Statues of men with
triangular holes through their torsos decorate the top of a building that now
houses a police station near the Gare de Lyon. I thought these photos would go well with
the testosterone story.
One of the
things I love about Paris
is that it is difficult to get truly lost.
Street signs like these are on almost every corner. They tell you not only the street names,
but what arrondissement you are in.
They often even give you a bit of history about the person the street
is named for. This one is named for
Hyppolyte Marinoni (1823-1904), constructeur mécanicien. By the way, you can find out almost
everything about every Paris
street on a web site run
by the city of Paris.
www.apapublishing.com.au, in 1889, “Hippolyte Marinoni at the Paris
Exposition demonstrated a rotary press which turned a roll of paper back on
its path, enabling successive sheets of large and small size to be printed on
both sides and then cut and folded into piles of completed newspapers, the
whole operation performed at great speed.”
One of Mary’s
guide books said not to miss these art nouveau public toilets under the Place
de la Madeleine. We found them, but it
was the day of the World Cup final and the staff evidently went home early,
locking us out. Above is the entrance.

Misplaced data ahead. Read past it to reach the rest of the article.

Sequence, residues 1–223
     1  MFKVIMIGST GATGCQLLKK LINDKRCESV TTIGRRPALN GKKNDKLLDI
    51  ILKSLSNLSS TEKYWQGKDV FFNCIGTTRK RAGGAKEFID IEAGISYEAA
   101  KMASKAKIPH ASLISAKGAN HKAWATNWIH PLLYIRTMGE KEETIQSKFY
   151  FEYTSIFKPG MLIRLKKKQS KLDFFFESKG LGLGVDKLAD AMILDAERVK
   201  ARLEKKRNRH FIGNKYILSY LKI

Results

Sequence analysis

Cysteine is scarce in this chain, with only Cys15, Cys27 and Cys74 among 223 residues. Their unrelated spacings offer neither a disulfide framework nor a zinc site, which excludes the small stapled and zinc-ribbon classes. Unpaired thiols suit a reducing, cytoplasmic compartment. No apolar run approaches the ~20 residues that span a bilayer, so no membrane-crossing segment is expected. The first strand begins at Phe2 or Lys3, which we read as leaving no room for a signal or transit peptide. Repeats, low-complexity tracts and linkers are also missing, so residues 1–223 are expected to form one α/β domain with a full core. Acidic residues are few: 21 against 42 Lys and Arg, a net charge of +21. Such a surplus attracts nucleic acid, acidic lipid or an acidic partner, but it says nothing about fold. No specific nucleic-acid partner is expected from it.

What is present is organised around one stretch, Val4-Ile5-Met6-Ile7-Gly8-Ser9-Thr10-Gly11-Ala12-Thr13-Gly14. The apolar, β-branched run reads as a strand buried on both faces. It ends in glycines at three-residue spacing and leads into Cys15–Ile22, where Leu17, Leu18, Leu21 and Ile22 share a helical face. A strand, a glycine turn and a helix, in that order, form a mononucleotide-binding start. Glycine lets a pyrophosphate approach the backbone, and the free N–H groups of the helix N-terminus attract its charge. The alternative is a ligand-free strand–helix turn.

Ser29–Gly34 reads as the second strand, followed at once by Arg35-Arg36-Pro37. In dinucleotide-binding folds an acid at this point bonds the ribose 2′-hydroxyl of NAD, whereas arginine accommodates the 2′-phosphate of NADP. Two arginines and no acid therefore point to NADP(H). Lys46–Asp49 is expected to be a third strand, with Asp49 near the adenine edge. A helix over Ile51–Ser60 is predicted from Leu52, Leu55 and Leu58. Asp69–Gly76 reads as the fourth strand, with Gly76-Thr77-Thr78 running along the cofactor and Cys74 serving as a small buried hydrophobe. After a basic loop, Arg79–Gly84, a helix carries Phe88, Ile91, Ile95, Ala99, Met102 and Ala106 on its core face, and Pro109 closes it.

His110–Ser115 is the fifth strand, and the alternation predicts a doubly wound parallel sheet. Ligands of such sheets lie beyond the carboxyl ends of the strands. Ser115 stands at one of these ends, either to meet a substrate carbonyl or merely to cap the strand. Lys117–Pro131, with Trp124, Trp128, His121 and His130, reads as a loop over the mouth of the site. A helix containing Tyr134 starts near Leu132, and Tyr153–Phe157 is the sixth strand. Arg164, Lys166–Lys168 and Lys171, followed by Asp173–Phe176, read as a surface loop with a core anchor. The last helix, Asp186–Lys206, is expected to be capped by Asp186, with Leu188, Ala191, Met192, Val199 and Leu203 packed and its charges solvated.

of the Dead artwork in a shop window, I think in the Marais. I really don’t remember where now!
The heat wave is mercifully over.
On to other things.
Surely by now you have heard about the fact that
the Tour de France winner, Floyd Landis (American, with the Phonak Hearing
Systems team) has tested positive for too much testosterone and may be
stripped of his title as winner. Here’s an
article from the International
Herald Tribune about the case, and his denials.
I was wondering about the relevance of his
talking about having had so much to drink the night before. So I Googled “testosterone” and “alcohol”
and came up with this very
interesting article on alcoholism.about.com. Here are a couple enlightening quotes from
the journal article:
overwhelming majority of research conducted in the past 25 years in both
animals and humans has found that alcohol inhibits testosterone secretion.
However, a new study in the January issue of Alcoholism: Clinical &
Experimental Research has found that acute administration of alcohol can
induce a rapid increase in plasma and brain concentrations of testosterone in
many other studies clearly demonstrate that chronic consumption of high
dosages of alcohol appears to be consistently inhibitory and
suppresses reproductive function," said Dennis D. Rasmussen, research
associate professor in the department of psychiatry at the University of
Washington, "this study raises the possibility that episodes of alcohol
consumption may also at least temporarily increase testosterone
levels, with the direction of the response likely being dependent upon a
variety of factors, including dosage and personal characteristics.”
My cynical husband said, “Oh so that’s how he plans
to defend himself,” implying that the story about drinking the night before
was fiction. However, the a newspaper
evidently carried a story about Landis and four or five other riders drinking
that evening and the story was published before ANYBODY knew anything about
the doping test results, which were released just a few days ago.
How much did he drink? The French newspaper Le Parisien says that